integration

Steven Kardos, MD, is one of the urologists involved in creating an integrated care model (ICM) for patients with abnormal PSA levels. Led by Yale New Haven Health’s Office of Strategy Management and Clinical Redesign, the ICM project established best care practices for patients with abnormal PSA results, abnormal mammogram results and pediatric asthma, and those receiving screening colonoscopies.


Initiative creates integrated care models to optimize care and patient experience

Imagine that two patients visit urologists who are part of the same health system. Both patients are close in age, with comparable medical histories.

Testing reveals similar, abnormal levels of prostate-specific antigen (PSA), which can sometimes indicate prostate cancer. One patient’s physician recommends a biopsy; the other patient is told to wait two years and return for a recheck, since prostate cancer often progresses slowly.

This type of scenario has occurred nationally and at Yale New Haven Health medical centers. Why would physicians make such different recommendations for follow-up care?

That question prompted Rogerio Lilenbaum, MD, chief medical integration officer of Ambulatory Services for Yale New Haven Health, Northeast Medical Group and Yale Medicine, to engage with Clinical Redesign, in Yale New Haven Health’s Office of Strategy Management.

They led four Integrated Care Model (ICM) initiatives that aimed to establish consistent care pathways – patient care which is directed by evidence-based clinical practice – for four types of patients. These are: children diagnosed with asthma, patients with abnormal PSA levels, patients with abnormal mammograms and those scheduled for screening colonoscopies.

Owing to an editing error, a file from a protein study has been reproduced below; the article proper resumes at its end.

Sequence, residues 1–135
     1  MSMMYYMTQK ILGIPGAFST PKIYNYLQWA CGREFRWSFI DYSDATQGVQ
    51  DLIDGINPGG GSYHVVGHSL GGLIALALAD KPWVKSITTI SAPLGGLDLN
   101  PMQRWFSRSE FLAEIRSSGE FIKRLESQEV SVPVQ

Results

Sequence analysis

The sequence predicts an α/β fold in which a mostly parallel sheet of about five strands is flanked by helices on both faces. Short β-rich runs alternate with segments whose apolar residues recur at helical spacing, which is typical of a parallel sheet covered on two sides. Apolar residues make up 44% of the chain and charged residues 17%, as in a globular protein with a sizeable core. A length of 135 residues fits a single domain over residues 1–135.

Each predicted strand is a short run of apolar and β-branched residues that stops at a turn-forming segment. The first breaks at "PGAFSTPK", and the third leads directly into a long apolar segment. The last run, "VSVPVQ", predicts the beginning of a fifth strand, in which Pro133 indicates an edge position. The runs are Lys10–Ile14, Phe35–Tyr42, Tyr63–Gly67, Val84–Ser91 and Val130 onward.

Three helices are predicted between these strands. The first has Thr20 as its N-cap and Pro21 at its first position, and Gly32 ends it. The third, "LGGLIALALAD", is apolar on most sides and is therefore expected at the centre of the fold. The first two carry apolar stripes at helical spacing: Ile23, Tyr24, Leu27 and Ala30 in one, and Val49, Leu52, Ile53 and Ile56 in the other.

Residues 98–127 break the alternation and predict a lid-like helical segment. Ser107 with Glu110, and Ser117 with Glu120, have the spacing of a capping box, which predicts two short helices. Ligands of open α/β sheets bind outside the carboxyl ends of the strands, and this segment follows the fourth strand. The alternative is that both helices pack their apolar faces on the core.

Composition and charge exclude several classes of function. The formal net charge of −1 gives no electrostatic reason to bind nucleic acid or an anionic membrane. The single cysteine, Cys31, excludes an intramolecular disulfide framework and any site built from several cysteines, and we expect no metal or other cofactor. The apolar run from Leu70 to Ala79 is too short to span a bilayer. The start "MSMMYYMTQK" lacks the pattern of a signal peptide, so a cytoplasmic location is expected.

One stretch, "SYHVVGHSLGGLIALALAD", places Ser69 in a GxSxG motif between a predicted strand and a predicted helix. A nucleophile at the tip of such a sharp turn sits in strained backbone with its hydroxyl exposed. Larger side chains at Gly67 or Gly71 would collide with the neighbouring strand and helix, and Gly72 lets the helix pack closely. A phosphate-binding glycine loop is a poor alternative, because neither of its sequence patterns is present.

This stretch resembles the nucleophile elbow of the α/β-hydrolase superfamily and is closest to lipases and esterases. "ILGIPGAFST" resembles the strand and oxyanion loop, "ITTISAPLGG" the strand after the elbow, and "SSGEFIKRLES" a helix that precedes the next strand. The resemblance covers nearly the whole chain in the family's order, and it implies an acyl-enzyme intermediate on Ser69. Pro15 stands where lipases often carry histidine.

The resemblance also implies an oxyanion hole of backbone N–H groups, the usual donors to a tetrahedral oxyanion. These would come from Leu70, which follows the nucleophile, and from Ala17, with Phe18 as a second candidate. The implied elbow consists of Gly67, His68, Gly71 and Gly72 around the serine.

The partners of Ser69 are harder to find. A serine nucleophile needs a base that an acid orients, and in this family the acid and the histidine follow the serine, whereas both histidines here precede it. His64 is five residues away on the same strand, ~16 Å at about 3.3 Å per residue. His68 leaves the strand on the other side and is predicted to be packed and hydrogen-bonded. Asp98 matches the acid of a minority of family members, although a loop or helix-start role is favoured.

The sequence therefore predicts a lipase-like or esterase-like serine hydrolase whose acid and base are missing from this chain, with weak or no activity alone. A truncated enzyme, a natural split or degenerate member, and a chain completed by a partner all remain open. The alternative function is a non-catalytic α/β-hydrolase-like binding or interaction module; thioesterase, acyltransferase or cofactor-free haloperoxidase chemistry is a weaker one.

By Feb. 28, these ICMs are scheduled to be implemented in at least one ambulatory practice at four Yale New Haven sites. The ICMs will be in practices managed by Yale Medicine, Northeast Medical Group and Community Medical Group.

The ICM project brought together – for the first time – physicians from these practices. Clinical Redesign teams for each of the four areas also included other clinicians and representatives from Care Coordination, Clinical Integration, Information Technology Services, Patient Experience, Pharmacy and operations.

“Members of these interdisciplinary teams reviewed extensive research and contributed their own experience and expertise to jointly develop these care pathways,” Dr. Lilenbaum said. “These are true best practices that will improve the quality, safety and efficiency of care, and translate into a superior patient experience.”

For example, under the ICMs, patients whose mammograms show possible or probable cancer will have biopsies within seven days (in 2017, these patients waited an average of 17 days). Patients who receive their first abnormal PSA results will be scheduled for follow up with a specialist within 14 to 28 days, vs. waiting months or longer. Pediatric patients in the asthma ICM will require fewer emergency department visits. The new ICM care pathways will be embedded into Epic.

“The ICMs reduce variations in care among different providers and sites,” said Stephanie Amport, Office of Strategy Management. “This helps ensure we’re providing the right care to the right patient at the right time.”